Dr. Dawg

Support our troops!

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The Harper government has been busy persecuting our veterans again. First it was spending our tax money fighting off vets who want to keep their pensions; then it was dismissing out of hand an ombudsman’s report about government mistreatment of disabled soldiers.

The courts have decisively dealt with the first attack on our vets: their pensions are safe from Harper clawbacks. The second battle, still on-going, deserves more scrutiny.

The ombudsman who reported on the abuse of two soldiers by Department of National Defence brass spent five years on his investigation, and issued two separate reports. At the end of this long journey, here is the reaction of DND:

The military is claiming that Daigle, the Canadian Forces ombudsman, has no jurisdiction to even investigate such cases, according to documents obtained by the Citizen.

The Canadian Forces leadership has refused to accept the findings by Daigle that the two combat veterans were treated unfairly and that steps should be taken to deal with their situations. The soldiers had made complaints against a senior officer and other Defence Department managers who deal with stress-disorder issues.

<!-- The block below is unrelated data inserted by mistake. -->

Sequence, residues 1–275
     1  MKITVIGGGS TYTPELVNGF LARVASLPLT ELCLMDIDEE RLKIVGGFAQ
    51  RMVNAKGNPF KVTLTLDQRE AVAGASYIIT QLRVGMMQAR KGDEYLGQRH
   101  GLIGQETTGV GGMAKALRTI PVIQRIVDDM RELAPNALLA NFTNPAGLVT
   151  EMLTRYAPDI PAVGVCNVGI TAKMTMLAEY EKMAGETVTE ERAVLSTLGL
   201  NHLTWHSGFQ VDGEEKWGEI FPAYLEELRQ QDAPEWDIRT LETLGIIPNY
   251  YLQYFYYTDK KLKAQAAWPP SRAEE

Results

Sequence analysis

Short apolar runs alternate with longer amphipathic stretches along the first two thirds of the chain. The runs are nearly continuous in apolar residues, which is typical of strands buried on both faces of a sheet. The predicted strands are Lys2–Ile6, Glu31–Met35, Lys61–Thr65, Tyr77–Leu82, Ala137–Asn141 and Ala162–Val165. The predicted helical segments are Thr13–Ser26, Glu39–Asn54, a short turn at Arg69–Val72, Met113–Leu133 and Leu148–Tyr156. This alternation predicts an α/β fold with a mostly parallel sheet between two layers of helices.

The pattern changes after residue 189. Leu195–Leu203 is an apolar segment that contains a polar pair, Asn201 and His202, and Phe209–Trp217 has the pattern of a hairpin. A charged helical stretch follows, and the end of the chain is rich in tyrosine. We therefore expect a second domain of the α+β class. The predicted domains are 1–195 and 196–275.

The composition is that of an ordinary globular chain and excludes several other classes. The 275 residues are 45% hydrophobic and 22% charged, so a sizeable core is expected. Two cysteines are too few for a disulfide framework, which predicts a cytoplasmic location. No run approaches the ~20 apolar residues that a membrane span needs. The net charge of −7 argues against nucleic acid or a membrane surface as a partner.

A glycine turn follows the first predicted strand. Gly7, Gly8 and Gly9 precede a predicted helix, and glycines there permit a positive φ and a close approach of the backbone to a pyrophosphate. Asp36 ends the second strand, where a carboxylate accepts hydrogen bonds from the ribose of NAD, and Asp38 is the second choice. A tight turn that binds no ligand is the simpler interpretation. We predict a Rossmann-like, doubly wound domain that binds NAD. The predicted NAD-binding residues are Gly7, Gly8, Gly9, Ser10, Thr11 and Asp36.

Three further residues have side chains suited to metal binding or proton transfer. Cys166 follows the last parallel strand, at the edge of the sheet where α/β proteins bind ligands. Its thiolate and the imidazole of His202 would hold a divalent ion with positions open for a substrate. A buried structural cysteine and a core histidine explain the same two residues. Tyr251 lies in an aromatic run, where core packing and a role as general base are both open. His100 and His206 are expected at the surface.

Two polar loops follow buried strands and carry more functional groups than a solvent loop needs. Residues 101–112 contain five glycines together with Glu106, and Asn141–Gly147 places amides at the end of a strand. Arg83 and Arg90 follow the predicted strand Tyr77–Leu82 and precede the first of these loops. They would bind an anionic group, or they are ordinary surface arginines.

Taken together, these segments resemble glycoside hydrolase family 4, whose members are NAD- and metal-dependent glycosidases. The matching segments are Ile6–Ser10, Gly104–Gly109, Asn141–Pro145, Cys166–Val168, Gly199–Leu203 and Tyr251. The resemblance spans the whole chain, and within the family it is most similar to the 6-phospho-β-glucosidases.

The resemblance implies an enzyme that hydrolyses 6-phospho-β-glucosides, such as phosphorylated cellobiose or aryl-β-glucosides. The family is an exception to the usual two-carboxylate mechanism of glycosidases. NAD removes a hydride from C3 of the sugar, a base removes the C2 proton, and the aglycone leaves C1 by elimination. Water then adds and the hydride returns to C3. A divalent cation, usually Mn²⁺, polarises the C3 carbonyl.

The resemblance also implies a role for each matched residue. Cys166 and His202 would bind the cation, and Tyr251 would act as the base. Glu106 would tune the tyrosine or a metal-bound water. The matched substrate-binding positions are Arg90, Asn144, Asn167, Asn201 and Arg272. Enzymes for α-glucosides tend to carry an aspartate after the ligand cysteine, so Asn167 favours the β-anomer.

The decision to ignore the recommendations in Daigle’s two reports, the result of five years of investigation, appears to be a hardening of the attitude in the military leadership toward PTSD cases and what the Canadian Forces ombudsman can and cannot investigate. [emphases added]

So it took five years and a couple of damning reports for the brass to “discover” that the ombudsman had no jurisdiction? Isn’t that sort of thing dealt with at the beginning of a proposed investigation, not at the end?

In any case, this is what the Harper government is doing to real flesh-and-blood human beings (not yellowing illustrations in a 200-year-old history book):

In May, one father went as far as to kidnap his son from Canadian Forces Base Petawawa and admit the Afghan war veteran into a civilian treatment facility after the military failed to deal with the soldier’s problems.

The soldier had tried to commit suicide twice.

Support our troops. Yeah, I’m talking to you.

[H/t A. Picazo]

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This page contains a single entry by Dr. Dawg published on September 24, 2012 10:33 AM.

The corporate media ethics machine was the previous entry in this blog.

State eye for the queer guy is the next entry in this blog.

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